Continue walking north on Elm one block to West Main Street. Turn left (west) and walk one block to Vine Street. Cross West Main at Vine and continue walking west to the first house on your right (north) .It is partially hidden by two large holly trees.
608 West Street
Emile Todd was the stepsister or Mary Todd Lincoln and, although married to Confederate General Benjamin Helm, remained a favorite of Abraham Lincoln. General Helm was killed while Kentucky’s Orphan Brigade at Chickamauga. Grief-stricken Emilie went north and even stayed with the Lincolns a short time. After the war, Mrs. Helm moves to Madison and eventually lived in this house. To support herself, she gave piano lessons and played the organ at nearby Christ Episcopal Church.
Turn around and walk east on West Main to Vine. Turn Left (North) and walk past the First Baptist Church (built in 1853-1860) on your right to West Third Street. Turn right and walk 1 1/2 blocks on the north side of Third, crossing Elm. Your next stop is the sixth house on your left past Elm.
312 West Third Street
Jesse D. Bright, the fiery lieutenant governor and senator from Madison, lived in this house from 1840 to 1857. A friend of Henry Clay and bitter enemy of Stephen A. Douglas as well as The Madison Courier publisher Michael Garber, Bright consistently sided with the Southern Democrats in the years prior to the War. Bright had the dubious distinction of being expelled from the U.S. Senate on February 5, 1862, after charges of disloyalty were brought against him. The incriminating evidence (perhaps obtained through the efforts of publisher Garber) was a letter written by Bright before the firing on Fort Sumter addressed “To His Excellency Jefferson Davis, President of the Confederation of States” recommending a friend who had made “improvements in firearms.” Continue walking east on West Third to the intersection of Broadway. Turn right, and walk past the Broadway Fountain to Main Street. Cross Main and turn left (east) walking up West Main one block to Poplar. At Poplar, turn right (towards the river) and walk one block to the corner of Second Street.
This house, built in 1818, was the residence of Virginia transplant Judge Jeremiah Sullivan and his large family. Two brothers who grew up here, Algernon Sydney and younger Jeremiah, Jr. (Jerry to his family) were completely opposite and reflected the turbulence of the years leading up to the War. Algernon, a lawyer like his father, also married a Virginian and had established a successful practice in New York City by the start of the War. Due to his willingness to legally defend Southern seamen who had been captured and charged with piracy, he was ultimately accused of disloyalty in the fall of 1861 and sent to Fort Layfette in New York Harbor. Eventually released, he remained openly sympathetic with the South. Brother Jerry, long considered the patriotic but irresponsible and care-free sibling, enthusiastically began his military career as a captain in the 6th Indiana and was later promoted to colonel of the 13th Indiana. The high point in his career came at the Battle of Kernstown where he commanded a brigade and helped to defeat Stonewall Jackson. Commissioned a brigadier general, Sullivan was transferred west. He led a brigade at both Luka and Corinth, and unsuccessfully tried to contain Confederate General Nathan Bedford Forrest in Tennessee. Jerry Sullivan served as inspector general on the staff of General Grant at Vicksburg. He was later sent back east to command a division under his father-in-law, General Benjamin F. Kelley. He resigned from the Army on May 11, 1865, and ventured out to California.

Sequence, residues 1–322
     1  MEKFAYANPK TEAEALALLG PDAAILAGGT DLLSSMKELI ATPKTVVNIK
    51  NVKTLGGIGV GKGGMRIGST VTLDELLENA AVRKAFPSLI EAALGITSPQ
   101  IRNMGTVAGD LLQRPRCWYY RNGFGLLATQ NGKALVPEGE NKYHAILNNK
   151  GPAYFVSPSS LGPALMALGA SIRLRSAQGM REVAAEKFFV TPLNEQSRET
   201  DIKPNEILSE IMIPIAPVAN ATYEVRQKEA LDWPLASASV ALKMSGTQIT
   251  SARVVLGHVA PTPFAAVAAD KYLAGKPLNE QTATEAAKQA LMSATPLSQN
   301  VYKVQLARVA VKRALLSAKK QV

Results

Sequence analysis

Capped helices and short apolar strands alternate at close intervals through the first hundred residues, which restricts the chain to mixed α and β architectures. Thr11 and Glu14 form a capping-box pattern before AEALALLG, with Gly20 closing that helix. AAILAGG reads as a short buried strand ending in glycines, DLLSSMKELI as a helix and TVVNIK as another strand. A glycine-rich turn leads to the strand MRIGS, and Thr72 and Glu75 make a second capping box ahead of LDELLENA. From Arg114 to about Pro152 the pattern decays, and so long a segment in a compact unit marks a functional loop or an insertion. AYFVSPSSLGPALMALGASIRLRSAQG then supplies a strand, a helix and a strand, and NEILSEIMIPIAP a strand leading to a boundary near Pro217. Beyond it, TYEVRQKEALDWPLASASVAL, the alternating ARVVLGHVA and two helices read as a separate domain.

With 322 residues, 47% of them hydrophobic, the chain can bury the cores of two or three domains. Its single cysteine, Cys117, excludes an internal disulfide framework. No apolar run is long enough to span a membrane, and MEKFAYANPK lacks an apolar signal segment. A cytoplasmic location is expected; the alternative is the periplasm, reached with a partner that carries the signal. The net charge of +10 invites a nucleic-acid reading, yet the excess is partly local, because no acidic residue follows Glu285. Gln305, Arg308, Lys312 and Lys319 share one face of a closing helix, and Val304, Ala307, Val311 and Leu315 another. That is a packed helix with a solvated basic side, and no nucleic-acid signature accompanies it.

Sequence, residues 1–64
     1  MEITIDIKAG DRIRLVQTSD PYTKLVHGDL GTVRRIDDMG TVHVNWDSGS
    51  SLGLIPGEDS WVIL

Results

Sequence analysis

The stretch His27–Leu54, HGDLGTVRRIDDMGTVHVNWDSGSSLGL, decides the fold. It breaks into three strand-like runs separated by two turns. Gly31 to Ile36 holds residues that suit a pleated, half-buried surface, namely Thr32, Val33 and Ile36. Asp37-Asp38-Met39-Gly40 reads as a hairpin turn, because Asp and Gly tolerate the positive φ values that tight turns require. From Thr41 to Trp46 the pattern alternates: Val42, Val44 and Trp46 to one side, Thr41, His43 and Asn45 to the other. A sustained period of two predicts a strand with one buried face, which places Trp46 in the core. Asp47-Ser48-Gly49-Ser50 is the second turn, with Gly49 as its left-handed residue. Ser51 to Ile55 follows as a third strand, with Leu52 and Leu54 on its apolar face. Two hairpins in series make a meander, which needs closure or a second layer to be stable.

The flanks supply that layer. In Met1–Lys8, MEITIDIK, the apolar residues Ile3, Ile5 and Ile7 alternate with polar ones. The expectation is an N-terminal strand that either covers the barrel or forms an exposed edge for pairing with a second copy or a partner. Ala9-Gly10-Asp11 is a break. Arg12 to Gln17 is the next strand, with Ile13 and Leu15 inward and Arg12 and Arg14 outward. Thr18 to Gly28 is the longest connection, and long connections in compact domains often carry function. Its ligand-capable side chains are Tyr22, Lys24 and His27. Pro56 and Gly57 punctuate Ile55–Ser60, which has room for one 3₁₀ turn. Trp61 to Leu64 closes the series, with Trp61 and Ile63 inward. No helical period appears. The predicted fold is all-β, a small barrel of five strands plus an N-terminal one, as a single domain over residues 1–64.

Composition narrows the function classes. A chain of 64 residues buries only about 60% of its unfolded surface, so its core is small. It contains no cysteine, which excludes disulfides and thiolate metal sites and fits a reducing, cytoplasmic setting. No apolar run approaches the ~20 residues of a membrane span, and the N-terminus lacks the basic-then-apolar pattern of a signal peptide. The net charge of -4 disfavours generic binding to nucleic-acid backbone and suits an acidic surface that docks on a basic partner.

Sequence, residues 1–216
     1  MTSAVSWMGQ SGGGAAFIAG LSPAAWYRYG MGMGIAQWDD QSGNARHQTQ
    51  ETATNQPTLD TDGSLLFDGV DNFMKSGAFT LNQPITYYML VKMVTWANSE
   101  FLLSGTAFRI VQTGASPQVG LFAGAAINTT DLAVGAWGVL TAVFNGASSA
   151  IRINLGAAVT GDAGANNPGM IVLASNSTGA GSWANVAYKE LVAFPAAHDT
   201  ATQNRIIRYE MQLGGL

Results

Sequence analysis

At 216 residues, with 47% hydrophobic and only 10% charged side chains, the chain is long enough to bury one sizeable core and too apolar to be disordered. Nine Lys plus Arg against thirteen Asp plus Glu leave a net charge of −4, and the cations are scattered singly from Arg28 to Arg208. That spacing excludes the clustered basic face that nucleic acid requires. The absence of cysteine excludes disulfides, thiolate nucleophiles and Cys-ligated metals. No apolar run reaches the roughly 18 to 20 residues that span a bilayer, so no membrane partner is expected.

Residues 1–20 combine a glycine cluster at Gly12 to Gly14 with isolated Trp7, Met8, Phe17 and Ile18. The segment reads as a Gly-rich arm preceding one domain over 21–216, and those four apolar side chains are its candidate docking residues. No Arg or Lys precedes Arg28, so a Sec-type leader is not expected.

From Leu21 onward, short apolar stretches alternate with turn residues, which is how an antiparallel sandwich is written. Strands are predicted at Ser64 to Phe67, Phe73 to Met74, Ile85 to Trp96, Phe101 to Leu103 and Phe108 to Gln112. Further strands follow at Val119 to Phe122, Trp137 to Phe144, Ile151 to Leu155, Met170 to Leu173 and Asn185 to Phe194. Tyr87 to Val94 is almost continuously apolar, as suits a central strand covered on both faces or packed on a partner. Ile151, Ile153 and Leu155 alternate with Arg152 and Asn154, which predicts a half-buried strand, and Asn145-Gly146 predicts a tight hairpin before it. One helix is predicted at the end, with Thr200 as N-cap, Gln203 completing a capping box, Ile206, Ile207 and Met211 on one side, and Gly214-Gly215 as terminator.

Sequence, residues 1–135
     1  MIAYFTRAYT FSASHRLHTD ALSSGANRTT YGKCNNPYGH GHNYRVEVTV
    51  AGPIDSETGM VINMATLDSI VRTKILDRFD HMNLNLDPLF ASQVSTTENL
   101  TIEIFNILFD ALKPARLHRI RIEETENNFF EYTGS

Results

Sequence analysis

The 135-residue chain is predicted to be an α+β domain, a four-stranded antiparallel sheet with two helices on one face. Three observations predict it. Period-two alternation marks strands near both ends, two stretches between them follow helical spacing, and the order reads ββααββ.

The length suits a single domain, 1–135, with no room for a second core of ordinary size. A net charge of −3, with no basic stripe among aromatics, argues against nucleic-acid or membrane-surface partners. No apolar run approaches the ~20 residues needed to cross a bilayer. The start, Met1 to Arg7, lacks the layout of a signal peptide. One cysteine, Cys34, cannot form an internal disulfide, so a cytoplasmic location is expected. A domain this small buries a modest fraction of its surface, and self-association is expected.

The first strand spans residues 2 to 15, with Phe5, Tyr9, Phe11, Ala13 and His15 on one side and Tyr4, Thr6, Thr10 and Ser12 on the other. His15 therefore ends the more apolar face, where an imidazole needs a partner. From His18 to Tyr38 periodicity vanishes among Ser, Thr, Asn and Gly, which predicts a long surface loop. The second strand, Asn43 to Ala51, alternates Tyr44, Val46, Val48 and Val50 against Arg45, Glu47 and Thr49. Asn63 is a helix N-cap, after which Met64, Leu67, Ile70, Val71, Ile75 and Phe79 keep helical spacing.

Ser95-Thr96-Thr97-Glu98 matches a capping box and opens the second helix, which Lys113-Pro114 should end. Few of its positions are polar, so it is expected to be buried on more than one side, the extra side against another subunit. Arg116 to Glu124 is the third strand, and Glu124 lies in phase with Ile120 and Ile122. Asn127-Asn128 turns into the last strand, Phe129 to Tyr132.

Nearby Locations to add to your tour
Springdale contains the remains of nearly 300 Madison men who served in the Union Army and two Confederate soldiers, one of whom is buried in the “Soldier’s Section.” Among those interred is Admiral Napoleon Collins, responsible for capturing the C.S.S. Florida. In addition, Alois Bachmon, John Gerber, and Jacob Glass, all young lieutenant colonels killed in combat are buried here. Other notables include Colonel Michael Garber, publisher of The Madison Courier and Quartermaster General for General W.T. Sherman’s famous “March to the Sea.’ Prior to that, Garber furnished the materials used in the construction of the Bailey Dams at saved the Union naval fleet during the Red River Campaign 1864
Middleton Statue, Courthouse Square
This Soldiers and Sailors’ monument, typical in many counties both North and South was dedicated in 1907. George Middleton, a private in the illustrious 3rd Indiana Cavalry, wanted to commemorate his “brother soldiers” who had fought nearly 50 years earlier. Middleton did not live to see the statues unveiling, but many aged but proud veterans were on hand for the dedication.
Fairplay Company #1 Firehouse,
405 East Main St
At the beginning of the War, Indiana’s oldest volunteer fire company formed the Fairplay Military Company with approximately 40 members eventually serving in various Indiana regiments. Eleven did not survive the War.
Madison Hospital, 1251 West Main Street
The Madison Country Club is the site of a 30-acre military hospital that opened in 1863. The facility, which featured its own bakery, could accommodate 2,000 wounded and sick soldiers and was one of the largest hospital complexes in the west. By the end of the War, over 8,000 men were treated. Federal doctors occupied the large Federal style home east of the country club. Today it is the Whitehall Bed & Breakfast.
Jefferson County Historical Society Museum,
615 West First Street
The museum displays weapons and accouterments, a drum from the 19th Indiana (Bachman’s regiment), and the flag of the Madison Greys pre-civil War militia unit.